Quote:
As for Malcolm hitting on T'Pol, presumably the entity was either saying she was beautiful because Malcolm's brain was saying that was the correct way to initiate the mating procedure or because he was using Malcolm's knowledge/memories. It doesn't mean the clouds would be attrsacted to here andmore then the clouds would think the foods Tucker was eating taste good.


They, in the person of the Tripp-alien, say that they were once "corporeal", as the humans are still, and that they want to experience what their ancestors experienced in the way of sensations, sexual, gustatory, etc. Are they "clearly lying" about that?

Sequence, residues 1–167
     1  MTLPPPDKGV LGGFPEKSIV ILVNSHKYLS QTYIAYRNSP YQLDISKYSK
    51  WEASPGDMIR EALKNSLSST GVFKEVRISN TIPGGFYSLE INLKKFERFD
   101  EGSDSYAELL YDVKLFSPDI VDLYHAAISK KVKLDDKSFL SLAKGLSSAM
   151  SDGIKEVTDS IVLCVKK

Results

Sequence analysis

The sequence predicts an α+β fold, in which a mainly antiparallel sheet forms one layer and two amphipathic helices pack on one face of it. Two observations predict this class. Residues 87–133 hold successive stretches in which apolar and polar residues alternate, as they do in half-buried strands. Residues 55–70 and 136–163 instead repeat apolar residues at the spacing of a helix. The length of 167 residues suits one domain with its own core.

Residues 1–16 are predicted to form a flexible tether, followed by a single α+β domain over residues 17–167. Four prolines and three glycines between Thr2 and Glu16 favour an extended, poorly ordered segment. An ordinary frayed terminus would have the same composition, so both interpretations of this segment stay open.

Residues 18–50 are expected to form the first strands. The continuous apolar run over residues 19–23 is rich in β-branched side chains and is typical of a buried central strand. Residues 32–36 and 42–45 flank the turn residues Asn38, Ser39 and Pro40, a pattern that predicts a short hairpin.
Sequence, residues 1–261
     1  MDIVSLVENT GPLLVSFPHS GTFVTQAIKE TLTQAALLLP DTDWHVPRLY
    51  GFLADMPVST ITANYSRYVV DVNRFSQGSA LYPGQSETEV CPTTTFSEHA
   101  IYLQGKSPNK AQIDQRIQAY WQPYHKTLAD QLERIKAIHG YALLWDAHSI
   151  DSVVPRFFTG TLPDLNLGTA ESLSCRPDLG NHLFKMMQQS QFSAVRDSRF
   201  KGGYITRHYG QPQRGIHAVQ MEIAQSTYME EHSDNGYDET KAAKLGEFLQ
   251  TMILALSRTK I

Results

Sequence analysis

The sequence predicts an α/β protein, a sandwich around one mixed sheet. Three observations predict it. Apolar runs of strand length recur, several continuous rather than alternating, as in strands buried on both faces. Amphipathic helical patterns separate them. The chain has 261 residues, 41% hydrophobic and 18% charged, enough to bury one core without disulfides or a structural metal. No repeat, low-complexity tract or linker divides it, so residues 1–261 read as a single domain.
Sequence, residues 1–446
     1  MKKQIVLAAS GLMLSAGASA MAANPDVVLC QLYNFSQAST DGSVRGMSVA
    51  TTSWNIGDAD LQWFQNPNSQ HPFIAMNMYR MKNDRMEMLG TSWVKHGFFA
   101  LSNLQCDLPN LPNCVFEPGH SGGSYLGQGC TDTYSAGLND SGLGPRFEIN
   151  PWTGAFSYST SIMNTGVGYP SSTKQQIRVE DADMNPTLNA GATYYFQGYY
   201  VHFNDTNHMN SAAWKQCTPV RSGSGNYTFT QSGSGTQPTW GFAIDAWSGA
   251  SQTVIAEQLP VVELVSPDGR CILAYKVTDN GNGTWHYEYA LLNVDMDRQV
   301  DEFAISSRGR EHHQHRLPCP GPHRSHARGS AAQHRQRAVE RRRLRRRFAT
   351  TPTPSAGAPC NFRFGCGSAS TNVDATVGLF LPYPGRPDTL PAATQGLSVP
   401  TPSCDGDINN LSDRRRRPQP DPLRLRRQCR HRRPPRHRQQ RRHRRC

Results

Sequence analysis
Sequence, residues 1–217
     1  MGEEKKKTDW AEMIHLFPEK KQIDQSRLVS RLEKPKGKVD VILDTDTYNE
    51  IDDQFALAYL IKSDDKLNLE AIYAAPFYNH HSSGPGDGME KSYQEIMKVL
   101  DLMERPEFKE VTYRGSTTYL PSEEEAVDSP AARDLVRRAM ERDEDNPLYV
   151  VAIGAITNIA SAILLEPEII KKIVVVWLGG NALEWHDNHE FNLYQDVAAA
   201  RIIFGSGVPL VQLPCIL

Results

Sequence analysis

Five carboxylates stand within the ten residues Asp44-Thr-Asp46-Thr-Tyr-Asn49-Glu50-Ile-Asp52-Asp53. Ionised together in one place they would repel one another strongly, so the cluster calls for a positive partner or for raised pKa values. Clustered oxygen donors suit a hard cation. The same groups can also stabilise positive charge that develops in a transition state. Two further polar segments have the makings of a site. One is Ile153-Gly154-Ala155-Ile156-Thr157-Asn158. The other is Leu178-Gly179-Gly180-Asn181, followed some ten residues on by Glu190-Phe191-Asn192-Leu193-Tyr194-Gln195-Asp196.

Though you may have a point about the food and sex experiences, I'm not convinced about your assertions. The alien possessors apparently do retain some of the "factual" memories of their hosts. The Tripp-alien recounts his host's name and rank when confronted eating in the mess hall, for example. But, when pressed, he says he's never eaten anything before. Is he "clearly lying" there, too?